Thinking of Aretha


Thinking of Aretha

by Bob Herbert

Nineteen sixty-seven was a tough year in many respects — riots, protests, an unwinnable war — but I can’t think of it without thinking of the glory of Aretha Franklin, a woman in her mid-20s, introverted and somewhat shy, who sang soul and rock ’n’ roll with the power and beauty of a heavenly choir.

Newark and Detroit went up in flames in 1967, and neither city was ever to recover. Muhammad Ali, a perfect physical specimen in his absolute athletic prime, was convicted of dodging the draft and stripped of his world heavyweight championship. The Rev. Dr. Martin Luther King Jr. endured a hurricane of criticism when he came out publicly against the war in Vietnam and called the United States government “the greatest purveyor of violence in the world today.”

If you were lucky, you could close the door on the din, at least for a little while, and reach for the record album with the head and shoulder shot of Aretha positioned at a precarious angle on the cover. The album was called “I Never Loved a Man the Way I Love You,” and if you listened closely, if you paid attention, it would just thrill you, take you to a place of exquisite human feeling. A region of laughter and tears. Of love and joyous possibilities.

Continue reading @ The New York Times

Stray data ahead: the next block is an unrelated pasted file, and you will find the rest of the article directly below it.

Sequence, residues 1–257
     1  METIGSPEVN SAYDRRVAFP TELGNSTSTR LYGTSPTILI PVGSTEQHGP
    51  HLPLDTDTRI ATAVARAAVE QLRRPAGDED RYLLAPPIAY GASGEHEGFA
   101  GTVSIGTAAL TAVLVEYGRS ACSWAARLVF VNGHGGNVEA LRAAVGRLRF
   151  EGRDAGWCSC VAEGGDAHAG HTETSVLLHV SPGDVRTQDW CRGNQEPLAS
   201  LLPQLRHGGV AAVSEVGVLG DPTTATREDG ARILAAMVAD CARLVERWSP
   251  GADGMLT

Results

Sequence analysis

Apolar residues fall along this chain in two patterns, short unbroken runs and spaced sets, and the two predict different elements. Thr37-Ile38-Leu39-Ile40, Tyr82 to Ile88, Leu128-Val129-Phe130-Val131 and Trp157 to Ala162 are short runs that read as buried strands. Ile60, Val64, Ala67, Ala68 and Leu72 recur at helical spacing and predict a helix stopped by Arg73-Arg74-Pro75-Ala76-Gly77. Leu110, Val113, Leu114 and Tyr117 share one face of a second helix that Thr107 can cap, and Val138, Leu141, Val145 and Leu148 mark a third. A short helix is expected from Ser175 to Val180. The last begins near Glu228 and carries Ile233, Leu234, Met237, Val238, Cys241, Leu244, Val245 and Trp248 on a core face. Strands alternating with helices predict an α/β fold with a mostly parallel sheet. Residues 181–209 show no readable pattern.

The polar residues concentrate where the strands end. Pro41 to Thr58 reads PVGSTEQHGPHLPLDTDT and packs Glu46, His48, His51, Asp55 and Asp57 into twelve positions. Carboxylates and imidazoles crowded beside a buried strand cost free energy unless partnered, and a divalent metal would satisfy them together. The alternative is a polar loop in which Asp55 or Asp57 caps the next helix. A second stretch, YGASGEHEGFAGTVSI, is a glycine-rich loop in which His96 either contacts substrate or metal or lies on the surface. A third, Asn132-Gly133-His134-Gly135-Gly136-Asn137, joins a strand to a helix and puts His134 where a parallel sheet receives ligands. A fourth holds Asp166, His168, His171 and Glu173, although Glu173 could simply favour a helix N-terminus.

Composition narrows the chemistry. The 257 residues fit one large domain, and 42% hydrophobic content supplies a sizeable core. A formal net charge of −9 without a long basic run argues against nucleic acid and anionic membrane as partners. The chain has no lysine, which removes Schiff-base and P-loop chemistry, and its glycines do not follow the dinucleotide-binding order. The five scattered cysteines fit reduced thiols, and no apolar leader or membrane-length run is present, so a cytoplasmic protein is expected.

Advertisements

DADT Repeal

Black Women Win in Repeal of ‘Don’t Ask, Don’t Tell’
by Jamilah King

It’s official: President Obama signed a repeal of “Don’t Ask, Don’t Tell” on Wednesday morning. The move marks an end to the 17-year-old Clinton-era policy that’s kept thousands of gay and lesbian soliders to stay in the closet or risk being discharged from the military once their sexuality came to light. It’s especially welcome news for soldiers of color, who were already disproportionately impacted by the policy.

Continue Reading @ Colorlines
Photo Credit:
Corporal Evelyn Thomas 13WHAM

10 for 2010


10 Colored Girls Who Deserve Mad Props in 2010:

1. Aretha Franklin – 1 word, 7 letters:
R-E-S-P-E-C-T
Since the Queen of Soul has been ill lately, I want to take this time to honor her and her golden voice. She is truly legendary.

2. Shirley Sherrod – The forced resignation of this worker for justice was one of the low points of 2010. Ms. Sherrod handled libel and racism with dignity and strength. I look forward to witnessing her further development as a spokesperson for poor and underrepresented Americans.

3. Michelle Obama – Every first lady takes on a social platform and Ms. Obama has chosen childhood obesity. Despite attacks from the Right, Ms. O’s work has not been in vain. The President just passed a child nutrition bill to ban greasy food and sugary soft drinks from schools.

4. Beverly Bond – for empowering black girls through the arts and letting the world know unequivocally that Black Girls Rock!

5. Ntozake Shangefor colored girls who have considered suicide when the rainbow is enuf is on The New York Times bestseller list. While the film by the director who shall not be named was a failure in my opinion, the publicity surrounding it got more people to read Shange’s classic choreopoem. Shange and her sister Ifa Bayeza also published an epic novel this year Some Sing, Some Cry.

6. Willow Smith – for releasing one of the most infectious and black-girl-self affirming singles this year and for being so darn cool! Whip it Willow!

7. Viola Davis – for taking home a Tony for Fences and being a true master of her craft.

8. Oprah Winfrey – OWN! After over two decades at the helm of the Oprah Winfrey Show, Oprah is set to launch her own network. Journalist, philanthropist, author, publisher … Oprah indeed has her own.